A randomised controlled study of goserelin as adjunctive therapy prior to surgery in the management of uterine fibroids

  • Ejiro E Emuveyan Department of Obstetrics and Gynaecology, Lagos University Teaching Hospital, Lagos, Nigeria
  • Dennis I Ifenne
  • John O Ohaju-Obodo


Context: Luteinising hormone analogues are being increasingly advocated in the management of common oestrogendependent gynaecological conditions, notably uterine fibroids, endometriosis and menorrhagia.

Objective: The aim was to assess the effects of depot injections of goserelin (Zoladex®), a GnRH-agonist analogue, on the management of uterine fibroids.

Patients and Methods: Forty female pre-menopausal patients aged between 26 and 50 years, with uterine sizes 12 to 26 weeks were enrolled in a randomised controlled study. One group was prospectively randomized to surgery (deferred for 0 to 4 months) and another to goserelin treatment for 3 months, followed by surgery. Patients were included if they had a diagnosis of benign uterine fibroids and an abdomino-pelvic mass greater than 12 weeks gestational size.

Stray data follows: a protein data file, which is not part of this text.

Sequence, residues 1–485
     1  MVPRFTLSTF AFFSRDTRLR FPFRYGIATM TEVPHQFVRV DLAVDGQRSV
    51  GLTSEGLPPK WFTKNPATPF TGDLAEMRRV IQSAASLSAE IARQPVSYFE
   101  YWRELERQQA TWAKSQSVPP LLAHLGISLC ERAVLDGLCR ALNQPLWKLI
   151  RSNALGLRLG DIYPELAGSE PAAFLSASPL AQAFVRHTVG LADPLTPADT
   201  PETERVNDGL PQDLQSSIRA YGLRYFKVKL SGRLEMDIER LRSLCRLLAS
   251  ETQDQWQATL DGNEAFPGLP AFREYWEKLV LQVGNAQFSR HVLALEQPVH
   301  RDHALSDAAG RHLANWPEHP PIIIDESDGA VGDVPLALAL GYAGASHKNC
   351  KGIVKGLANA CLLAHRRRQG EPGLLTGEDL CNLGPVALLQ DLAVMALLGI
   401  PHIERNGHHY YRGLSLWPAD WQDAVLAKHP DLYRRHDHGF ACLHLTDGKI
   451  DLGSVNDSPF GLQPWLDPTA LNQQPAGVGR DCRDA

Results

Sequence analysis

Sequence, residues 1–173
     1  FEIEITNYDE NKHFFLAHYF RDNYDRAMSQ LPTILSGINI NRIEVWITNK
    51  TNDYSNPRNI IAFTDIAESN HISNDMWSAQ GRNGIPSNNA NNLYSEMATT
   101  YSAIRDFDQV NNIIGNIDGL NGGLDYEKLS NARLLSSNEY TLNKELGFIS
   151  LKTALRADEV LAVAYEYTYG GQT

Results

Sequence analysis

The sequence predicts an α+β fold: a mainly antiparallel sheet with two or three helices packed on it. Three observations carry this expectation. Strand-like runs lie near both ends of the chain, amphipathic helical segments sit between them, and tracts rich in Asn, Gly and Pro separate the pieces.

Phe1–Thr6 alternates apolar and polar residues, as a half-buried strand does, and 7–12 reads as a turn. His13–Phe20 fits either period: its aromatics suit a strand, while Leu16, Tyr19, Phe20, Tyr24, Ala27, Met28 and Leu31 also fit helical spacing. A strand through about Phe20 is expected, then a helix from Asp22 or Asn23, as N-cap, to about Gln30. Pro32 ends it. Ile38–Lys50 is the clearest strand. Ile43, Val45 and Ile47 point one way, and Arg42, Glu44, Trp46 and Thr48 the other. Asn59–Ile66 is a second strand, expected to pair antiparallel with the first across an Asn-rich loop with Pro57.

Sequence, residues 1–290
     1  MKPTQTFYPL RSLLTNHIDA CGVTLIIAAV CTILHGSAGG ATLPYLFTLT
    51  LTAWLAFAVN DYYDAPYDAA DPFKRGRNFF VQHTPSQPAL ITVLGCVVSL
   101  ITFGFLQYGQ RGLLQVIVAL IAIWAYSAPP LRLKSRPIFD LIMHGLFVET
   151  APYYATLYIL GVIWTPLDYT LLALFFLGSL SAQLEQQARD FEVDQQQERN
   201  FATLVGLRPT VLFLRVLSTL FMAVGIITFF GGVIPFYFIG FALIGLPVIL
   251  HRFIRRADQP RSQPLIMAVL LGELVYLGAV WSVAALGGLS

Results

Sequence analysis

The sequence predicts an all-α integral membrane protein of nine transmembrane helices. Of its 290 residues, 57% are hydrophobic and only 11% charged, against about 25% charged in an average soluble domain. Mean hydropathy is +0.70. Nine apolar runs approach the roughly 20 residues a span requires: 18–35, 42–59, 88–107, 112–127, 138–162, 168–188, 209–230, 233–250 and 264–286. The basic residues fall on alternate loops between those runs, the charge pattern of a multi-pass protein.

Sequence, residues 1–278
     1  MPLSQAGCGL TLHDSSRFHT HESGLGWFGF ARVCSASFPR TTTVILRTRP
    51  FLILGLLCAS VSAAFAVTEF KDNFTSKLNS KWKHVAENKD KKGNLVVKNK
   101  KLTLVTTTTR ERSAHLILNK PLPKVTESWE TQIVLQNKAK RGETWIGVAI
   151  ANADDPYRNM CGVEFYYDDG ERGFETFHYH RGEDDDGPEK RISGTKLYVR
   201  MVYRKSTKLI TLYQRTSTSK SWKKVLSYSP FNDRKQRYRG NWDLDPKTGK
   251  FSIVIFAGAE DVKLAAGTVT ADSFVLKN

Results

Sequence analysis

Results: Uterine and fibroids volumes were reduced by a median value of 31.7% and 58.1% respectively for Zoladex patients compared with an increase of 3.3% and 0.6% in uterine and fibroid volumes in the surgery-only patients. The difference between the treatment groups for the absolute changes was statistically significant (P<0.0001). Patients in the goserelin group had a somewhat higher haemoglobin level by the time of surgery compared to the time of entry (P=0.06), had an easier operation and a shorter stay in hospital. Adverse events were more numerous in the goserelin treated patients.

Conclusion: Goserelin treatment, prior to surgery, demonstrated benefit in terms of uterine and fibroids volumes, symptoms reduction and improvement of haematological profile in Nigerian patients with uterine leiomyoma.

Keywords: uterine fibroids, goserelin, adjunctive therapy, surgery

Tropical Journal of Obstetrics and Gynaecology Vol. 22(2) 2005: 120-124

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eISSN: 0189-5117